Researchers from Macquarie University have discovered a world-first new treatment that reverses the effects of memory loss associated with Alzheimer’s disease in a study of mice with advanced dementia.
The research, co-led by two brothers, Dr Arne Ittner and Professor Lars Ittner, from Macquarie University Dementia Research Centre, builds on their work begun in 2016 involving a ground-breaking gene therapy which uses an enzyme that is naturally present in the brain, known as p38gamma.
The researchers found that p38gamma, when activated, can modify a protein such that it prevents the development of Alzheimer’s disease symptoms.
This latest finding, published in the September edition of the journal, Acta Neuropathologica, has gone a step further and showed that the gene actually improved or restored much of the memory in advanced Alzheimer mice. Importantly, their findings also suggest that the gene therapy may be effective in other forms of dementia, including frontotemporal dementia which presents in much younger patients in their 40s and 50s.
Gene therapy is a process whereby genetic material is introduced into cells to replace abnormal genes or to make a beneficial protein.
Professor Lars Ittner, who is the Director of the Dementia Research Centre at Macquarie University, says, “When we set out to develop this gene therapy we expected it to halt progression of dementia, but we were not expecting to see that it not only halts it, it completely reverted the memory loss that was already there when we started therapy.”
The team showed furthermore that the gene therapy is safe even at high doses and when applied long term, with no adverse events observed during the study.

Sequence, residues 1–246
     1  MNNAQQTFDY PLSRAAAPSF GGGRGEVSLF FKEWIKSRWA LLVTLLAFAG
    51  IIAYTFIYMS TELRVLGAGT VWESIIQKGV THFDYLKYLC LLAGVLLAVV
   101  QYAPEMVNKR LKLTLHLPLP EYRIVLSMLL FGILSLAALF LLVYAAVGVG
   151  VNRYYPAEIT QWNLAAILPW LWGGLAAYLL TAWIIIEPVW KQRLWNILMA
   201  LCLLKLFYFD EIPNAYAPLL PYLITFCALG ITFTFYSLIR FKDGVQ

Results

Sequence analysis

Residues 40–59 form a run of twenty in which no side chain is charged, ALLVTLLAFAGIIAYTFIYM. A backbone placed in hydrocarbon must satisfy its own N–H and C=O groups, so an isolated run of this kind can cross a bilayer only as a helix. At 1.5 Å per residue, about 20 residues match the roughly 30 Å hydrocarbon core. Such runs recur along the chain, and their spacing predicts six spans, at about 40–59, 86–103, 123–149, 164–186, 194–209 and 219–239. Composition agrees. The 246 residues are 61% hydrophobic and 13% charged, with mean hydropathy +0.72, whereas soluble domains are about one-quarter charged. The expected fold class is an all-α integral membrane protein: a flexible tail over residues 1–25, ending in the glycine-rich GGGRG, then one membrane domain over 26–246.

Dr Arne Ittner, a lead author on the study, explains, “We need a better understanding of what happens to the molecules in the brain during dementia. Our work delivers a very powerful piece in this puzzle.”
The next step will be to transition to testing safety and efficacy in humans. Macquarie University is currently undertaking a detailed assessment of the development and regulatory pathway required to evaluate the gene therapy in human patients. Partnerships with potential investors and pharmaceutical partners are also being actively explored.
“It will be exciting to see how over 10 years of basic research to understand the mechanisms of Alzheimer’s disease will finally transition into clinical development to eventually benefit those most in need, people living with dementia,” Professor Lars Ittner said.
“This provides hope, as there is a lot of therapy out there focussed on prevention, but not much for those already affected by the disease.”
The two researchers predict that possible success of this new therapy could be within reach of humans in less than 10 years, “This could even be as close as a five year timeline for us to see the success we have seen in mice.”